Female participants provide character to joint art project

Updated 2017-04-11 10:00:55 China Daily

Finalists of the Yishu 8 Prize show their works in Beijing.

The nomination of three young female artists for the Yishu 8 Prize, a project funded by philanthropists from China and France, is reflective of changes in Chinese society and art circles, according to the award jury.

The jury comprises museum directors, curators and artists from home and abroad.

The finalists' ongoing exhibition, titled As the Story Goes, started on April 8 in Beijing and displays installations, videos, sculptures and photos by Zhang Ruyi, Hu Yinping and Cao Yu, all of whom were born in the 1980s.

Xia Yanguo, the show's curator, says huge changes have taken place in China's contemporary art scene in recent years, especially seen through the evolution of both artists and audiences.

Zhang, an artist from Shanghai and the winner of the prize, focuses on materials with industrial significance, such as concrete, tiles and bricks, to demonstrate human emotions that can't always be described in words.

Fellow artist from Beijing, Hu, mainly discusses the subject of identity in large photos of herself copying strangers' dressing styles that she found online.


Finalists of the Yishu 8 Prize show their works in Beijing.

And Cao, a 29-year-old artist from Beijing, uses her body as a medium by filming it after the birth of her child.

“One is questioning modernity, one is questioning identity and another is questioning femininity - very interesting,” says Christine Cayol, founder of Yishu 8, the nonprofit that manages the award that funds an artist's residence program in Paris.

Cayol says the jury was surprised to find that the finalists were all female following a selection process which hides the identity of the candidates from the panelists until it's over.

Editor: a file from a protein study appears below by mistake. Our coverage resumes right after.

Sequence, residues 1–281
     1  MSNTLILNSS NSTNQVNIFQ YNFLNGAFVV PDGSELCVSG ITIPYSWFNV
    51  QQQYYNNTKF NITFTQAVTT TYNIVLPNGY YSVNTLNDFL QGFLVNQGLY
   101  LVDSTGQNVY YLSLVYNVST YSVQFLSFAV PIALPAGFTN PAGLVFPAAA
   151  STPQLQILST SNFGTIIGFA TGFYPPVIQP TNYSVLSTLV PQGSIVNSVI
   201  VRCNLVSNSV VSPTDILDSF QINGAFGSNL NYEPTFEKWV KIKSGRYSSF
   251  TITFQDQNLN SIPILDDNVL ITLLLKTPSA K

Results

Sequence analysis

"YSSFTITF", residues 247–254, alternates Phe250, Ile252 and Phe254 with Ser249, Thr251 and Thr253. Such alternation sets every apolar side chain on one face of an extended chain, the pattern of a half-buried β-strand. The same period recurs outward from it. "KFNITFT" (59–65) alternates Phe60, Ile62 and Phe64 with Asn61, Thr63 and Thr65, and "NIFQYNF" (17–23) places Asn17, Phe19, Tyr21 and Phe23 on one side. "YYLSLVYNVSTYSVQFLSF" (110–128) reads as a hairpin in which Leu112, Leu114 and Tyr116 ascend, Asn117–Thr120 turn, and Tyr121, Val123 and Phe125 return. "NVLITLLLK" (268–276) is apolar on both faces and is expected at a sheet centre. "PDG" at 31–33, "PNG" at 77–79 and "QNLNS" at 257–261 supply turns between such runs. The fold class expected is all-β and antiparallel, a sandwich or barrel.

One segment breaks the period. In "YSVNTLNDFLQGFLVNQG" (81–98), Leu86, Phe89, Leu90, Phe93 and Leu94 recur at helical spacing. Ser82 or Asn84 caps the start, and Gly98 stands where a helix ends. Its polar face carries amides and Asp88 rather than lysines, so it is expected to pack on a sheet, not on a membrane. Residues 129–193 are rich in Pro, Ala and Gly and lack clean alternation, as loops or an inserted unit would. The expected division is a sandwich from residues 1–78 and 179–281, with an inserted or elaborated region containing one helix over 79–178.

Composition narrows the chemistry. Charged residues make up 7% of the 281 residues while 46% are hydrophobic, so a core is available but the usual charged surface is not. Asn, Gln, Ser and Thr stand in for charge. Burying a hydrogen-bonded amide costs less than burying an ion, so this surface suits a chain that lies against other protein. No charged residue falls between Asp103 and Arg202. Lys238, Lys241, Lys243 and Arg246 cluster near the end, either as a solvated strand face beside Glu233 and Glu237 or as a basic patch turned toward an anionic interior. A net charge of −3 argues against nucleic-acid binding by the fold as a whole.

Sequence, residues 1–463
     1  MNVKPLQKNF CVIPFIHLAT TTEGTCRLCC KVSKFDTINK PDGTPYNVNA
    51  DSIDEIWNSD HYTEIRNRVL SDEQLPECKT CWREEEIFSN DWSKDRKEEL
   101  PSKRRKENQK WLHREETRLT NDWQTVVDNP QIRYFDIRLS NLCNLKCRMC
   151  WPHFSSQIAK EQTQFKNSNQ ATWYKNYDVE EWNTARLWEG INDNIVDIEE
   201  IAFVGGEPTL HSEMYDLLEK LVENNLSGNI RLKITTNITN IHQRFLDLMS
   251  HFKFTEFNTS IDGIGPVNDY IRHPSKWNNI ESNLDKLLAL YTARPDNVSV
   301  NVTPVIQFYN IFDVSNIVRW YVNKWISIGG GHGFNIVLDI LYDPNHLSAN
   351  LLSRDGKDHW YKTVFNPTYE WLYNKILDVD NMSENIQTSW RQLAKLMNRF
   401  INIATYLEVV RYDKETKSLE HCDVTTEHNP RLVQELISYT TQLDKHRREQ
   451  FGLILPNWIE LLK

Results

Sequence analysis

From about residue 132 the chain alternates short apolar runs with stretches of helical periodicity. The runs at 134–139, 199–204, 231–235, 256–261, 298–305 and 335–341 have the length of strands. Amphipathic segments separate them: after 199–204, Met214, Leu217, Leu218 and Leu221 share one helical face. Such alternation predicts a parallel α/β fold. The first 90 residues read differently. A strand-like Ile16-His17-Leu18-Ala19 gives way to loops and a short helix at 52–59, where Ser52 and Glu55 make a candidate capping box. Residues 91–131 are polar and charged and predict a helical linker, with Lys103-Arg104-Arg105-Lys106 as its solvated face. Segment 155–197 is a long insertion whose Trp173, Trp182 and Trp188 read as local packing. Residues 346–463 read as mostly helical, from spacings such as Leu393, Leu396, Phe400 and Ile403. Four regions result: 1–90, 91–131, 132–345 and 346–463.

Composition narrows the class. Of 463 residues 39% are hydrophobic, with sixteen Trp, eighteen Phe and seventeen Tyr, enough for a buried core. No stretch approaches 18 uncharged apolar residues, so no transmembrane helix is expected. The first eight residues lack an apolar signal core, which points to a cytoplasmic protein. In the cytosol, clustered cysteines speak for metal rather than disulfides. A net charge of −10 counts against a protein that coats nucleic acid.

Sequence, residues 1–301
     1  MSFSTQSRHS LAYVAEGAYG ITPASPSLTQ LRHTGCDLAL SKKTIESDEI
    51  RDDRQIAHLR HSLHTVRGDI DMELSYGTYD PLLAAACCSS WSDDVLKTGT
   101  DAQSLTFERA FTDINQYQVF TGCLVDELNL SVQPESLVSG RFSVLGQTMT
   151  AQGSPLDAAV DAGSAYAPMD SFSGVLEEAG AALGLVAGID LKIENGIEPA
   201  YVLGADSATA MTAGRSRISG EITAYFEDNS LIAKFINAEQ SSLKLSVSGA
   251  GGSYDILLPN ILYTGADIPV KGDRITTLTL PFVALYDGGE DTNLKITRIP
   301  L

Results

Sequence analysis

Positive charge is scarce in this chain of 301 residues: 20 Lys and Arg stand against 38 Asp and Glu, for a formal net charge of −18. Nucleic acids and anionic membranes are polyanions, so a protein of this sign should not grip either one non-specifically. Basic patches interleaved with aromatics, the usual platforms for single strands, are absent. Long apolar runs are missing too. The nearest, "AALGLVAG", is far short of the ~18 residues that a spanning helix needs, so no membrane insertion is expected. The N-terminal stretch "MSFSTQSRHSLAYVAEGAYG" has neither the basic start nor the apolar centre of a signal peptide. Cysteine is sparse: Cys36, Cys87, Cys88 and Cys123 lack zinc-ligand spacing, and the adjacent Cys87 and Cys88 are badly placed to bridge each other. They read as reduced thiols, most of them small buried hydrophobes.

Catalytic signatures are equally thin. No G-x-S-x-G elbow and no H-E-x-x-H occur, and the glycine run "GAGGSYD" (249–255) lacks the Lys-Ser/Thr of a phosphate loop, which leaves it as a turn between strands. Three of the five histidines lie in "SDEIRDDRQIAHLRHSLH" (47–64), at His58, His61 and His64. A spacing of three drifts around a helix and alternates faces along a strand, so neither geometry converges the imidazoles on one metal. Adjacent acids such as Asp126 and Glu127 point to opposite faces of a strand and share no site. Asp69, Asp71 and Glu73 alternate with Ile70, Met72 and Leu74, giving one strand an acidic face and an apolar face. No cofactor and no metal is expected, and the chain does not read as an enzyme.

The art language and the attitudes of the artists are very innovative, indicating changes in society, she adds.

For instance, Hu printed out six of her portrait pictures, in which she copies the dressing styles of strangers she came across online. She made various identity cards with each shot.

Artists in China used to focus more on collectivism, but now there's emphasis on individualism, especially from a female point of view, says Cayol.

After living in China for more than a decade, Cayol says she's seen women come a long way. And, female artists have also grown in numbers here.

For the artist Zhang, the word “gender” does not exist in her dictionary. She tries to turn invisible feelings of individuals to concrete things in her sculptures.

“Her works are rational. She is very good at transforming industrial materials,” says Xia.

Cayol adds that Zhang's works create a poetic sense.

Zhang graduated from the fine arts school of Shanghai University in 2012. For three years after that she taught painting to children to support her career. She says she explores feelings such as depression and anxiety through her pieces using common industrial materials.

The 32-year-old recently married another artist. She says the pressure on women from parents to get married is gradually reducing because these days more women live in big cities for work and have the freedom to pick the time of their marriage.

As the winner of the Yishu 8 Prize, Zhang can stay in Paris for two months to work on her art and hold a solo show there.

Since it was established in 2012, Yishu 8 has supported many young talented Chinese artists.

If you go

10:30 am-6:30 pm, until May 10. 20 East Huangchenggen North Street, Dongcheng district, Beijing. 010-6581-9078.

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